Re: EOTR 2020 - Mar. 10, Lubbock, TX
Posted: Sun Mar 15, 2020 2:38 pm
Okay, people, here it is, my review of the Lubbock show from this last Tuesday night.
My first Kiss concert happened roughly around the sameish time of year, on the Lick It Up tour, Berkley, California, in early 1984. My first should've been in Lubbock, ironically, which is where I'm originally from.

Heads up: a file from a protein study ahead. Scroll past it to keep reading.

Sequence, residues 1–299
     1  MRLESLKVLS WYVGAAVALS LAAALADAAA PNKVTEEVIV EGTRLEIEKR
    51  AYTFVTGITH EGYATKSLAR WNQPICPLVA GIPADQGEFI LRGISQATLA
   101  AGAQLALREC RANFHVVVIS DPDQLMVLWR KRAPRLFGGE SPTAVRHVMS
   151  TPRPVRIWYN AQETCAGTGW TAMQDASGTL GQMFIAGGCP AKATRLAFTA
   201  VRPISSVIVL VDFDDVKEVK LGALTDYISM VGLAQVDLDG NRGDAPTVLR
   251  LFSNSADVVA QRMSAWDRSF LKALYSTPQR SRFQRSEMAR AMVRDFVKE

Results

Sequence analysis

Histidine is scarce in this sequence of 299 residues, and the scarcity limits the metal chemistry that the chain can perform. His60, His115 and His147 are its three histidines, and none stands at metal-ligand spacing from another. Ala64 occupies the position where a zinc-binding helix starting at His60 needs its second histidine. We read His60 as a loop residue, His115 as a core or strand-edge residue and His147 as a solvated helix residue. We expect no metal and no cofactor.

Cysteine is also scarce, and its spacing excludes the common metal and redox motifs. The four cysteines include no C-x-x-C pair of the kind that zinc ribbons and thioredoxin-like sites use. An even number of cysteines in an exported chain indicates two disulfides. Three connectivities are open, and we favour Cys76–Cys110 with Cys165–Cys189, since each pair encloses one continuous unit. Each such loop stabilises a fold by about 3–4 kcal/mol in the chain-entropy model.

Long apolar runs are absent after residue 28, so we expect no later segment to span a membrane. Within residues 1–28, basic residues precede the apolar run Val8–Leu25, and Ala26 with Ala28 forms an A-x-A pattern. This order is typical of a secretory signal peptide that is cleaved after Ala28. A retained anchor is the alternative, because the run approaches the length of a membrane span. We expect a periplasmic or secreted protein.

In 1979, I was 6 years old, and my parents gave me the option of either going trick or treating in my Gene Simmons costume, or going to see Kiss in concert on Halloween night. I had no idea what a concert was, and my parents probably knew this, so it made it easy for them to expect what my answer would be: I wanted to be Gene and collect candy all night! What 6 year old in the 70's wouldn't? So I made perhaps one of the biggest regretful decisions of my entire life, which I still kick myself to this day for. So, technically, my first Kiss concert would have taken place in Lubbock on the Dynasty Tour; it didn't, but for the sake of closure in seeing Kiss live on their final tour, it should have been Lubbock. Fitting, then, that my very last time seeing Kiss, happened last week in Lubbock, Texas. Not to be morbid here, but being the huge KISS nut that I've been my whole life, I find some solace and comfort in the idea that this could very well be the last KISS concert EVER, anywhere, and I was there to witness and be a part of it...that's only wishful thinking, and selfish, really, but, worry not, KISS Army---as soon as this Coronavirus thing blows over, you can bet your bottom dollar that KISS will shake their bottoms for your every dollar once again.